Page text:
Scene: New York City, in the offices above Tiffany & Co.’s store on Broadway. One of the company’s executives sits in his office, evaluating designs for its newest collection, when the phone rings.

Receptionist: Mr. Lamont, there’s a call waiting for you regarding an Elite Account.
Lamont: Entertainer, politician, or athlete?
Receptionist: Athlete, sir.
Lamont: References?
Receptionist: Codes provided by the NFL’s offices, usually given to their higher-profile players. Plays in Baltimore, name of Steven McNair.
Lamont: Put him through, Anne.
Receptionist: Yes, Mr. Lamont.

(Soft click, as lines patched through.)

Lamont: Hello, Mr. McNair. How can I be of service to you today?
Steve McNair: I was hoping you could help with a gift selection, Mr. Lamont. I thought of coming into the store, but I figured it might be better to do this over the phone.
Lamont: Understood. We keep Elite Accounts completely private, no surprises. Is there a particular order you’re looking into? Mother, wife, or girlfriend?
McNair: What?
Lamont: It’s easier to evaluate what you’re looking for if I know the nature of the relationship.
McNair: Um….wife.
Lamont: Appreciation or apology?
McNair: Apology. I may need one in advance, even though none of the stuff being floated in the papers is remotely true, y’know?
Lamont: You’ve called the right man. We’ve assisted high-profile men such as yourself when they find themselves either directly involved with or implicated in…delicate situations.
McNair: So, how much money should I be looking into here?
Lamont: Depends. We have the A-Rod level, which is $10,000+ — very popular, and if extremely necessary, there is the Kobe level — $500,000 and up per piece.
McNair: Neither level’s really appropriate. Anything in the 5-10K range?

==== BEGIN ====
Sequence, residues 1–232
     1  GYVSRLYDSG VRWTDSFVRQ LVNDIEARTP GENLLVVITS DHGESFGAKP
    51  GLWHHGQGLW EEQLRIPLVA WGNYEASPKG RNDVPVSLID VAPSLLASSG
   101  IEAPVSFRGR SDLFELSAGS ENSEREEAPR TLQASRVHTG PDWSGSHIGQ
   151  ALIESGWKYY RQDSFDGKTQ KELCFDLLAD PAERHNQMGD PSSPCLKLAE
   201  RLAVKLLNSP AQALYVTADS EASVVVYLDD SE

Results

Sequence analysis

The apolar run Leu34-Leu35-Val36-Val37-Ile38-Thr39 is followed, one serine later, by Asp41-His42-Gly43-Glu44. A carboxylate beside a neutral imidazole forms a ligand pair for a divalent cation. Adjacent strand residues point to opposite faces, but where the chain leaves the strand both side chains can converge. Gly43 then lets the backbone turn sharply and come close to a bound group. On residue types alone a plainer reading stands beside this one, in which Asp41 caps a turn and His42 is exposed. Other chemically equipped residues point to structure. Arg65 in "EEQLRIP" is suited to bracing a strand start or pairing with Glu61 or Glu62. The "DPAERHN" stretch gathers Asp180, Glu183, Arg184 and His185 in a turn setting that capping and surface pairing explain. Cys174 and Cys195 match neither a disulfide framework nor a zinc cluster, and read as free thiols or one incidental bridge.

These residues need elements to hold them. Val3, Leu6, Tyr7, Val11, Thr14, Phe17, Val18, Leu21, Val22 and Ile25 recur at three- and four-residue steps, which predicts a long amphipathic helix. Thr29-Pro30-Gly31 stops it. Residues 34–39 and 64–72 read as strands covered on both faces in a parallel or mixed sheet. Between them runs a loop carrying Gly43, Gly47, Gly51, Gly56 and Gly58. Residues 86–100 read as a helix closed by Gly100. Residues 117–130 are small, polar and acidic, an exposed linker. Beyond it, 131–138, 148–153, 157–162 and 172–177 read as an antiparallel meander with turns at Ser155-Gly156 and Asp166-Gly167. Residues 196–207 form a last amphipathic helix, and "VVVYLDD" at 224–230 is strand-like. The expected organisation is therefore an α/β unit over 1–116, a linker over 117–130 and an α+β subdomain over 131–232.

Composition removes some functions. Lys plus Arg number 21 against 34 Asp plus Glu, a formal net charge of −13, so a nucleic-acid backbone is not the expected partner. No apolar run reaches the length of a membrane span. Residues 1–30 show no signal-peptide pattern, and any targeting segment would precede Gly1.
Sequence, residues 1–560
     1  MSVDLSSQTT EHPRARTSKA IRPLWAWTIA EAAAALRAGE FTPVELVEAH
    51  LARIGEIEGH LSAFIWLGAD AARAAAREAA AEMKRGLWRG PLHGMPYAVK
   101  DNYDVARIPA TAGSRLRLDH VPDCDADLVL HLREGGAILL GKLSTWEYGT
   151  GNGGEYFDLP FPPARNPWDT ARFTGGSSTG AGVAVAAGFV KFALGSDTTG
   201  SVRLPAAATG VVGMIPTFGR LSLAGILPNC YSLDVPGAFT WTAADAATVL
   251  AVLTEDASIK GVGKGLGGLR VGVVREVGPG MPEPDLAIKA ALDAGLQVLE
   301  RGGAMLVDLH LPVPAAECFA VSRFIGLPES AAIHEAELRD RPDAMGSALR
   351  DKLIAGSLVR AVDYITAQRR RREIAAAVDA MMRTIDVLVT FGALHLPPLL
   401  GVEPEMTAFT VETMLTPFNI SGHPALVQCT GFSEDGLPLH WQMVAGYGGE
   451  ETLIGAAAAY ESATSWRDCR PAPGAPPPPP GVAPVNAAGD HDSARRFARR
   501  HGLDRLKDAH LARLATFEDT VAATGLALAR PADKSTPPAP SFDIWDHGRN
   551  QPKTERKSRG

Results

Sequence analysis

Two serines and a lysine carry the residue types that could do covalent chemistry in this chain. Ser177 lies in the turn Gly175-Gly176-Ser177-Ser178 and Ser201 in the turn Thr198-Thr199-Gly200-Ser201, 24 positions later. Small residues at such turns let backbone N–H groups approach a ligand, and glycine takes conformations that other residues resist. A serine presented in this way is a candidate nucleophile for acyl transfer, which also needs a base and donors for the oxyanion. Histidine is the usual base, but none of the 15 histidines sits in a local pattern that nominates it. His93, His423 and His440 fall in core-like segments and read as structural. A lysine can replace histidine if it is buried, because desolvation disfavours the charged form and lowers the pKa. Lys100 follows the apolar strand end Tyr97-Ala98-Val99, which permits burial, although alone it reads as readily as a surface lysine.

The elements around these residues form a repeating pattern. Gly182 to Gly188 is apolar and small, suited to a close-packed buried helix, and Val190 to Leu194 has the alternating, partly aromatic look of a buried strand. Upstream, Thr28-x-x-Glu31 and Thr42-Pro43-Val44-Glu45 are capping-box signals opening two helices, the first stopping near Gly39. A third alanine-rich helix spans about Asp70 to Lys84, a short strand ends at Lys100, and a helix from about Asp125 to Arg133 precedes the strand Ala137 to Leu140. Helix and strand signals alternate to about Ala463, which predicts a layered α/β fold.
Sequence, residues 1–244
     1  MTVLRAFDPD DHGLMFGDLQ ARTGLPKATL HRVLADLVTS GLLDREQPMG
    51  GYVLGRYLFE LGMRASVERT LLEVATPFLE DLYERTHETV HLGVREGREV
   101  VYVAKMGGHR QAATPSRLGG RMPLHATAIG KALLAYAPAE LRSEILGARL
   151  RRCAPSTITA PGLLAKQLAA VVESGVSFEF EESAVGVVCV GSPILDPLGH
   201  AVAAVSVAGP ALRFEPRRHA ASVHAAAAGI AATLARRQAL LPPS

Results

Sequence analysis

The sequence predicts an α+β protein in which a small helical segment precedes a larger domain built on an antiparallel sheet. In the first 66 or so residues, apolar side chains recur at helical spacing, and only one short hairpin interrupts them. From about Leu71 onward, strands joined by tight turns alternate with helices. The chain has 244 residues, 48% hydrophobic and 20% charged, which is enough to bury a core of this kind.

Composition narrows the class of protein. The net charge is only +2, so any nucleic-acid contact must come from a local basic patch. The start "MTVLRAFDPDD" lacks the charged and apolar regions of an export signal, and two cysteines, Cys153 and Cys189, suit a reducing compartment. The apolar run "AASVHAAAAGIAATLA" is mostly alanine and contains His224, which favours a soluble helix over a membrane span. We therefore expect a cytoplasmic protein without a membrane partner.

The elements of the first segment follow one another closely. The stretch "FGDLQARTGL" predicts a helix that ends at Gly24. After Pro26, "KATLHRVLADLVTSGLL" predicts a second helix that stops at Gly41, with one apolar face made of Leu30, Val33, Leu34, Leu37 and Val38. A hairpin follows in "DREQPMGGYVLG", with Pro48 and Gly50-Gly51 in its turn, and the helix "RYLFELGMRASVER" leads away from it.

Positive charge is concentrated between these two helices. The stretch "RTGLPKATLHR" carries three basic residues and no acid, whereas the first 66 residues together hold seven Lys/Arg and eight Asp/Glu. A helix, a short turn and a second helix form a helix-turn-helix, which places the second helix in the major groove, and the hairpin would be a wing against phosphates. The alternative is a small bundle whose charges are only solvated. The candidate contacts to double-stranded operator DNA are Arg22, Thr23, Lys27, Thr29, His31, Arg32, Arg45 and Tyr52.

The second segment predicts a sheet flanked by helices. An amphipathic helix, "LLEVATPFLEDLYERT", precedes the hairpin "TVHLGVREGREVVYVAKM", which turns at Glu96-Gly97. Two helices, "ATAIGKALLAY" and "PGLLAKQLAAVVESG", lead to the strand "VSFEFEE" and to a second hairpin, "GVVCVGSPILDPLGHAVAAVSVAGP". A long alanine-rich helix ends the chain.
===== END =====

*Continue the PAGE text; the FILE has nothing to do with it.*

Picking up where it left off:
Lamont: Plenty, at least as far as necklaces go. Rings, not as much. We’ll send along the catalog with those levels immediately, Mr. McNair. Give my assistant a call when you receive it and she’ll guide you through the process.
McNair: Wonderful. Thanks again, Mr. Lamont.
Lamont: We do what we can. I’d advise you set up an account with us in the future — keep a bit of it on hand in case something more…serious should happen.
McNair: I’ll take it under advisement.

END.

(Thanks to the Big Lead for inspiring the idea. Odd tidbit that came across while semi-researching: Tiffany & Co. designed both the Lombardi Trophy and the current NASCAR trophy that goes to the Nextel Cup winner.)

Sean Salisbury Is Totally Jealous Of Rob Stone.

Via Awful Announcing, we find out that, yes folks, ESPN’s Rob Stone is popular with the ladies…

This is one of those ideas that probably sounded really, really awesome in the meeting that afternoon between the writers and the talent, but comes off kinda skeezy and very questionable. Forget the Awkward Turtle; you need an Awkward Hippopotamus for this.

In other ESPN-related news, sources are informing me that both Sean Salisbury and Woody Paige are applying for transfers to cover soccer.

“Yeah, The Prescription’s Under ‘Buster Iraq.'”

Given that trusting a source calling itself L.A. Rag Mag screams credibility, I’m just going on the humor potential of such a story alone: the site is claiming via someone who used to work for Alba that while she dated Derek Jeter, he left her with the gift that lasts forever; in this case, herpes. Now, usually, STDs are not terribly funny (especially when they happen to otherwise beautiful people that we would fantasize about.) Derek Jeter is supposed to be a defense asset — I can’t imagine him going without a glove. Major E-5 on his part.

Now, given the track record we have from the more carefree days of Michael Vick and the mileage earned from “Ron Mexico,” I ran it through the Ron Mexico name generator and got the name you see in the title. Now, that’s just dull. Here are some alternate suggestions that are slightly more plausible for nom de STDs — and feel free to leave yours in the comments.

  • Eric Belize
  • Mark Lesotho
  • Jason Cyprus
  • Danny Ireland
  • Leo Suriname

Tipping the cap to: The Big Lead, Larry Brown, and Sports by Brooks.